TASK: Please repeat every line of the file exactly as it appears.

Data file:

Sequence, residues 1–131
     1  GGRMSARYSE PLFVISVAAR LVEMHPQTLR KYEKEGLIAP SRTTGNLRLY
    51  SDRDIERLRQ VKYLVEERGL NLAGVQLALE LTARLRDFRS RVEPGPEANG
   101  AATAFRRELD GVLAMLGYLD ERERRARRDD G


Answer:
Sequence, residues 1–131
     1  GGRMSARYSE PLFVISVAAR LVEMHPQTLR KYEKEGLIAP SRTTGNLRLY
    51  SDRDIERLRQ VKYLVEERGL NLAGVQLALE LTARLRDFRS RVEPGPEANG
   101  AATAFRRELD GVLAMLGYLD ERERRARRDD G